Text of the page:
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Determine Delphi Application

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The most reliable way to determine if an executable was built using Delphi is to examine its resources.

Modern versions of Delphi and C++ Builder add a DVCLAL and a PACKAGEINFO resource to executables. These are RCDATA resources, which can include arbitrary binary content.

DVCLAL: If an executable includes a DVCLAL resource then it was almost certainly built using Delphi or C++ Builder. The contents of this resource can tell you whether the Personal Professional or Enterprise edition was used. The Starter edition reads as Personal, and editions above Enterprise, such as Ultimate and Architect, read as Enterprise.

 Personal	[23 78 5D 23 B6 A5 F3 19 43 F3 40 02 26 D1 11 C7]
 Professional	[A2 8C DF 98 7B 3C 3A 79 26 71 3F 09 0F 2A 25 17]
 Enterprise	[26 3D 4F 38 C2 82 37 B8 F3 24 42 03 17 9B 3A 83]


PACKAGEINFO: If an executable includes a PACKAGEINFO resource, it was most likely built with Delphi or C++ Builder. The PACKAGEINFO flags can indicate whether Delphi or C++ Builder was used.

Forms: If an executable includes form resources, then it was most likely built with Delphi, C++ Builder or Lazarus. Form resources begin with "TPF0" [54 50 46 30], and the resource format is the same for .DFM files from VCL applications, .FMX files from FireMonkey applications, .XFM files from CLX applications (remember those?) and .LFM files from Lazarus applications. If an executable contains a form resource that includes the text "LCLVersion", it was probably built with Lazarus.


Tips to Determine Whether an App is Written in Delphi Edit

  1. Examine an executable's resources. Anders Melander's Resource Editor and Colin Wilson's XN Resource Editor are both Delphi aware. They decode form resources and display them as readablen text and interpret the PACKAGEINFO flags for Delphi or C++.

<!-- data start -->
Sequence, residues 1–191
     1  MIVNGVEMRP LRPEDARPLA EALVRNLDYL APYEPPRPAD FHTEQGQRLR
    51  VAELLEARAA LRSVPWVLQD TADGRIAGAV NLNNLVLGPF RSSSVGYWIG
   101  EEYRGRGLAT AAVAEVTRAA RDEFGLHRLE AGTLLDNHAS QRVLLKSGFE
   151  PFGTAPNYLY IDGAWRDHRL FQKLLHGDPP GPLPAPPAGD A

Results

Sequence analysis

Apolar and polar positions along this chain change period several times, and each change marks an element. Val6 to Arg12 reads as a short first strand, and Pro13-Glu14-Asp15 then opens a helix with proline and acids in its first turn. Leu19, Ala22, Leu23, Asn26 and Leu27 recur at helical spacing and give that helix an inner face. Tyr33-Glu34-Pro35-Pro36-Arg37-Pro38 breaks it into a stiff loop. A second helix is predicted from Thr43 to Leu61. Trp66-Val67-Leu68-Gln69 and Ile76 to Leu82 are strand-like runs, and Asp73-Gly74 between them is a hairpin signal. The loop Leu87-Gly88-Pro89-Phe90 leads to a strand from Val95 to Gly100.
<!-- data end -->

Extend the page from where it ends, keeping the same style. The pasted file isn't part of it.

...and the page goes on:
2. IsDelphi from Bruce McGee looks for executable files and tries to determine if they were written using Delphi, C++ Builder or Lazarus. This is distributed as source code.
  3. Detect It Easy (DIE) identifies several compilers. It is no longer being actively developed and sometimes misidentifies later Delphi versions, but still works pretty well.
  4. Language 2000, PEiD, STUD_PE and PE Detective also detect multiple compilers, including Delphi up to about Delphi 7, but misidentify or miss newer versions.
  5. VCL Scanner (updated link to source code) was written by Anders Ohlsson at Borland in 2002 for R&D purposes. It looks for form resources in executable files. If it finds any, then that executable was most likely written in Delphi, C++ Builder or Lazarus.
  6. TDWinInfo from Daniele Teti is a simple application that identifies the class name of the window or windowed control under the mouse pointer. You could use this to see if an application includes visual controls with class names that you recognise from Delphi. For example, most Delphi class names begin with "T", such as TButton or TListView.
  7. Before D2007, Delphi had a non-standard context menu. If you right-click on the application's Task Bar icon and the context menu only contains the following three menu items "Restore", "Minimize" and "Close", it may have been created with a version of Delphi or C++ Builder that is older than D2007.


If you are still not sure whether an application is written in Delphi or in C++Builder, then put it into the Delphi list and add a note in the description: "NOTE: This may actually be a C++Builder app."

See AlsoEdit

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